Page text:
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Favorite liquid revisited

The physicists of antiquity called it one of nature's fundamental elements; third-graders know its chemical formula; and all known forms of life need it to exist. Yet what water really is at least in its liquid form is still, to a large extent, a mystery. A team led by scientists at Stanford Synchrotron Radiation Laboratory (SSRL) and Stockholm University now has achieved a breakthrough in understanding the structure of liquid water. They found that water molecules clump much more loosely than previously thought.

The findings appeared April 1 in Science magazine's advance publication web site. "The results overturn 20 years of research in the physical chemistry of water," says SLAC's Anders Nilsson, the team's leader. "It's going to be a big shock in the whole field," he says.

The SSRL is a division of the Stanford Linear Accelerator Center, a U.S. Department of Energy facility operated by Stanford University. The project was a collaboration between researchers at SSRL, Stockholm University, Linkping University (Sweden) and the University of Utrecht (Holland).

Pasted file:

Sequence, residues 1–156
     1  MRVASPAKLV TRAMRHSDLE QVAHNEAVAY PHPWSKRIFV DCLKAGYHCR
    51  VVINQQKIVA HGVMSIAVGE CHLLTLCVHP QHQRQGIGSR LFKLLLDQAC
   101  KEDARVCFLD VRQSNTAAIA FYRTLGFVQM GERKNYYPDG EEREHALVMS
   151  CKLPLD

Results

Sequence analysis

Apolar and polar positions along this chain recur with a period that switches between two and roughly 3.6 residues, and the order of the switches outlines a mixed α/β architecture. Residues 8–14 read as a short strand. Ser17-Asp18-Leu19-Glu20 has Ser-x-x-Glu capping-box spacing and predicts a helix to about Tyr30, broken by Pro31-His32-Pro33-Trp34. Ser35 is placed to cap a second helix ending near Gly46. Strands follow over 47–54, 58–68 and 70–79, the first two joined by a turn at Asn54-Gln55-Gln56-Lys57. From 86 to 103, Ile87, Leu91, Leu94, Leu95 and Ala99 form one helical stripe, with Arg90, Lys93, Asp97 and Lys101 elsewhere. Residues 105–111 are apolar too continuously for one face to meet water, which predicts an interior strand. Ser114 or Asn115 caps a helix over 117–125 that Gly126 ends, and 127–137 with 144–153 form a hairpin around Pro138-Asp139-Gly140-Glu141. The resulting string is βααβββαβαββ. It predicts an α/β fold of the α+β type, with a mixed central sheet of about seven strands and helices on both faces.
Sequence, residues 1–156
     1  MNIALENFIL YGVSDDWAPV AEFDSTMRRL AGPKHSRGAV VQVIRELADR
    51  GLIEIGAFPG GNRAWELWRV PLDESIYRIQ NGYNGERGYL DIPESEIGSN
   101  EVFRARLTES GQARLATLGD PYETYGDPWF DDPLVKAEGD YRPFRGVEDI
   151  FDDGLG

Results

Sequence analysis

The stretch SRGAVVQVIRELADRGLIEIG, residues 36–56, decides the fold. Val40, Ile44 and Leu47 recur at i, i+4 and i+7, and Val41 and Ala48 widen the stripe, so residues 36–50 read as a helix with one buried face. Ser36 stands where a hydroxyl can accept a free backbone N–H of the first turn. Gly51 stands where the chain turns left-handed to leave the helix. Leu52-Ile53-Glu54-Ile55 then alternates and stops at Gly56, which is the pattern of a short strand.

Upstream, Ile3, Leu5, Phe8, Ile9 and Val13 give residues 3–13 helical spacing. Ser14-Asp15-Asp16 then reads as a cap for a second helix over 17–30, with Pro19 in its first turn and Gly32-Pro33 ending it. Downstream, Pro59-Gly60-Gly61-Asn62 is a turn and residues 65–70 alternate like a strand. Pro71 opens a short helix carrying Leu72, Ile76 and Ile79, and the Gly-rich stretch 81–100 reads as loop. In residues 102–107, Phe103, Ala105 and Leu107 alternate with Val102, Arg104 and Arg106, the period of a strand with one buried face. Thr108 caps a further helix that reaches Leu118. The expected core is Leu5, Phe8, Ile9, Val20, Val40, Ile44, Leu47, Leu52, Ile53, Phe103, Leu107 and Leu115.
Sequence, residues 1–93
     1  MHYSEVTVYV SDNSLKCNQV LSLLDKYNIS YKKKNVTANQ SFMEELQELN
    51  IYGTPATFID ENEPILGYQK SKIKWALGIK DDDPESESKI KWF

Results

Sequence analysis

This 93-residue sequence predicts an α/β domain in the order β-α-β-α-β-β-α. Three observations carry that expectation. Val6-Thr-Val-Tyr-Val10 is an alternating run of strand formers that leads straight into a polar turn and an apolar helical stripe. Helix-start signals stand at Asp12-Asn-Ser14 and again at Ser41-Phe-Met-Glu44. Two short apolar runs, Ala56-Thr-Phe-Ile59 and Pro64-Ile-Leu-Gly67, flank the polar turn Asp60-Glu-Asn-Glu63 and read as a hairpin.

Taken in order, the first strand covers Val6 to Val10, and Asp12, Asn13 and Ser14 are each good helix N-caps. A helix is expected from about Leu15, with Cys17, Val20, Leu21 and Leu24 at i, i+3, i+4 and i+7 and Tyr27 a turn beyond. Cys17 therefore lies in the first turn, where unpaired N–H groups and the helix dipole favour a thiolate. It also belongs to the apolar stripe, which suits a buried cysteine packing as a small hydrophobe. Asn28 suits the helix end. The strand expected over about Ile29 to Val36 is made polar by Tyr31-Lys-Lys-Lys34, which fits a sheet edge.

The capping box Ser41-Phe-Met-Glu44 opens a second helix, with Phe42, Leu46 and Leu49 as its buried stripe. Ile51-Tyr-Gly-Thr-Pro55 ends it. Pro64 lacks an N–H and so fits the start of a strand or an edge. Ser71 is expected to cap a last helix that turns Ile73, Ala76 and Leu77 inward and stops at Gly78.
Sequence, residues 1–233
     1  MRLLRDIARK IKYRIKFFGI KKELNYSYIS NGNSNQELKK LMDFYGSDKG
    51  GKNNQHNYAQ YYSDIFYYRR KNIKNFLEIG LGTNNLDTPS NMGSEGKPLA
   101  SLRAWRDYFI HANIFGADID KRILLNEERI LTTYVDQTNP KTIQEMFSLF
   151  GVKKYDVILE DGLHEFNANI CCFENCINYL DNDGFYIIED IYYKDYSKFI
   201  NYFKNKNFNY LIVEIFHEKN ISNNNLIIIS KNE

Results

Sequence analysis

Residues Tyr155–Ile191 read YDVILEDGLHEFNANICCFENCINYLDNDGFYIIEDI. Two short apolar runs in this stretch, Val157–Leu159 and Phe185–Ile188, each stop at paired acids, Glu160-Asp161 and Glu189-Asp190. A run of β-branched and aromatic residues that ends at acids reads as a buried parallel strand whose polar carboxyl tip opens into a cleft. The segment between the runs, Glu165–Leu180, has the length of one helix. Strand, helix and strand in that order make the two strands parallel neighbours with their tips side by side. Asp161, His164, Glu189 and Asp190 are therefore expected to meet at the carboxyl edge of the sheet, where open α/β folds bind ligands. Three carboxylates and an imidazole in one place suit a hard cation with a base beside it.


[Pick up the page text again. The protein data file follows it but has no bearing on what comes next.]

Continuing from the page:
As its H2O formula suggests, each water molecule is made of two atoms of hydrogen and one of oxygen. In ice, water molecules are arranged in a crystal structure, with each molecule typically linked to four others through what chemists call hydrogen bonds. In a hydrogen bond, electrostatic forces stick together a hydrogen atom from one molecule with the oxygen atom from a different molecule. The oxygen can form two hydrogen bonds, so a molecule can link to up to four others with two links through its oxygen and one through each of its hydrogens.

Although they are ten times weaker than the "covalent" bonds within the molecule itself, hydrogen bonds between molecules still take a lot of energy to break up which is why ice melts so slowly. Even in liquid water, molecules spend most of their time clumped together by hydrogen bonds, though not in a static pattern as in ice. "Hyd
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Contact: Neil Calder
Neil.Calder@SLAC.Stanford.edu
650-926-8707
DOE/Stanford Linear Accelerator Center
2-Apr-2004


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